Colin McKay Miller's Reviews > Snow Flower and the Secret Fan

Snow Flower and the Secret Fan by Lisa See
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Jun 24, 08

bookshelves: novels, book-club-picks
Recommended for: women more than men; fans of history more than fans of plot
Read in June, 2008

Lisa See’s Snow Flower and the Secret Fan is the story of two girls—Lily and Snow Flower—paired together as laotong, meaning “old same,” in 19th century China. This special lifelong relationship is supposed to have an intimate depth that conquers all the changes and adversity a relationship can go through, but as the reader learns in the initial chapter, something has torn this friendship apart.

The novel is narrated by Lily, now an 80-year old widow reflecting back on her life. She tells of being paired as laotong with Snow Flower at seven, how they learned the secret female language nu shu so that they could communicate back and forth on a fan, and the harsh conditions women have to endure. This includes foot binding (which are some of the strongest and most disturbing descriptions in the book) as well as mistreatment from husbands and other family members.

Stylistically, See’s novel is based more on history and culture than character and plot. Unfortunately, this leads to parts being thrown in to give the reader details about the way of life rather than adding anything to the plot, making the story slow to get going. It isn’t until the last third of the book, when the Taiping Rebellion hits, that the characters start to break out of the cultural mold. To See’s credit, she does give many of the characters one driving force—for Lily: the desire to be loved, for Snow Flower: the desire to run free—that evolves as both a strength and a weakness. Even the antagonists are given a fair level of depth.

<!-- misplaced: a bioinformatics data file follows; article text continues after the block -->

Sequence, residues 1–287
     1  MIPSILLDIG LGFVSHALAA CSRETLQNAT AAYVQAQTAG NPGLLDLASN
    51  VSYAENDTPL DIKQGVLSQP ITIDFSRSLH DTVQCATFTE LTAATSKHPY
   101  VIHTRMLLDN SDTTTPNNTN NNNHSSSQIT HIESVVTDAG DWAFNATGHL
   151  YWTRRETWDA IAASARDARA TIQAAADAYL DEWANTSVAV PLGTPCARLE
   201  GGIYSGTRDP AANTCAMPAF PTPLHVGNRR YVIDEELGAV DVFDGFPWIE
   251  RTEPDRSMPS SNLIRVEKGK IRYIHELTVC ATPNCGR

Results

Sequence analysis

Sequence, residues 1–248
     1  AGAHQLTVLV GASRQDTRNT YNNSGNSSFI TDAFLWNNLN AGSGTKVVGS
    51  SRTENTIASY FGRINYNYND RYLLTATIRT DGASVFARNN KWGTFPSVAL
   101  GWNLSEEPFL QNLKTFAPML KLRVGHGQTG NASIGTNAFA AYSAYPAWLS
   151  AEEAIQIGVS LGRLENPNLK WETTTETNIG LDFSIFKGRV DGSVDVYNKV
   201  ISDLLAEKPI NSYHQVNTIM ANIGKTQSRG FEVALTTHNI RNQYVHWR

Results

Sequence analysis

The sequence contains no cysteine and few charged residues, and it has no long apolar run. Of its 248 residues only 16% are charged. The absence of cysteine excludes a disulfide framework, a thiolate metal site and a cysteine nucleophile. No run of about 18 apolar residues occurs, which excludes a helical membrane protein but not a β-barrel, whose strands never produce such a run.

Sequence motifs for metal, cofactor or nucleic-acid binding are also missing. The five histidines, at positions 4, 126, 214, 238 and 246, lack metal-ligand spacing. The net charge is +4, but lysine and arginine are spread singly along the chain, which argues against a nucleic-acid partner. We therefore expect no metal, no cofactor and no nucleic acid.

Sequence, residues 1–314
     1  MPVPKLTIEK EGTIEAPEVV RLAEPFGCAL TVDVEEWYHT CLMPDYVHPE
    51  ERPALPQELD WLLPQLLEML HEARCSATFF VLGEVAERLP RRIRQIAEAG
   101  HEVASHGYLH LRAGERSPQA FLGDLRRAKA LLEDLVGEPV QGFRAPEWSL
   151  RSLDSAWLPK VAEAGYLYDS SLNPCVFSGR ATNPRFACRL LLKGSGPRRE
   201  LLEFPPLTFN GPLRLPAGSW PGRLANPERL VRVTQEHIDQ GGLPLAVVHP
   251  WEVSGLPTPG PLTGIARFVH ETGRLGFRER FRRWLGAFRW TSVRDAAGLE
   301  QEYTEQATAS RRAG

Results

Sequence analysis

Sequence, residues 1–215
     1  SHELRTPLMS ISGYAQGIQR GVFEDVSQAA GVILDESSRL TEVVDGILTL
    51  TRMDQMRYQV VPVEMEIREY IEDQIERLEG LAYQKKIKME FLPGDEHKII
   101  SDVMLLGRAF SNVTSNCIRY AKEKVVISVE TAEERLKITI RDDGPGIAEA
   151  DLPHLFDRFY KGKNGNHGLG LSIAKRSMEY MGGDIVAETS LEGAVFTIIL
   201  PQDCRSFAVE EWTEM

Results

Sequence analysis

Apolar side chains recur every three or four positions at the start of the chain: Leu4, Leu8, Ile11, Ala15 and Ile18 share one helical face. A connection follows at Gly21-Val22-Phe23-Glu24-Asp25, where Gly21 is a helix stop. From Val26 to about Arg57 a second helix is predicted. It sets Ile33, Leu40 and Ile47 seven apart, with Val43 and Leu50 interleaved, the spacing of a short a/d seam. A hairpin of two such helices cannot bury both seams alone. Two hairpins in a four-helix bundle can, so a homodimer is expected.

However, See’s writing is so blasé that what little plot there is ends up faltering by the end. Throughout the novel, the reader is waiting for the relationship between Lily and Snow Flower to break, but when it does, the scene is a letdown and the impact is not felt with standard phrases about crying eyes and quivering lips. Knowing the end at the start neutralizes a lot of the suspense. Any subtle nuances about who Lily and Snow Flower are—even the odd, well-written aspect of how Lily loves in a very male way (trying to always fix things, obeying by the male rules)—are smashed by the hammer over the head introspection at the end of the novel. A third-person structure would have left room for the cultural and character observations that end up feeling forced. Two stars.

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Colin McKay Miller Pure side note: Did anyone see that Seinfeld episode where Jerry is speaking to a woman named Donna Chang on the phone? Soon his family gets involved and they’re all enjoying her until one day they meet in person and Jerry immediately finds out that she’s not Asian. He feels like it’s false advertising. I’m not saying that’s what is happening here with Lisa See—since she is part Chinese, spent extensive time in China and with family, etc., and simply doesn’t quite look the part—but I find it interesting that the publishers didn’t put her picture on the back of the book (her picture is towards the back of the paperback edition I have). Does anyone else think the publishers did that for the same I reason I do? It’s the Jerry Seinfeld problem—stupid as it is—she’s got to look the part to sell the credibility.


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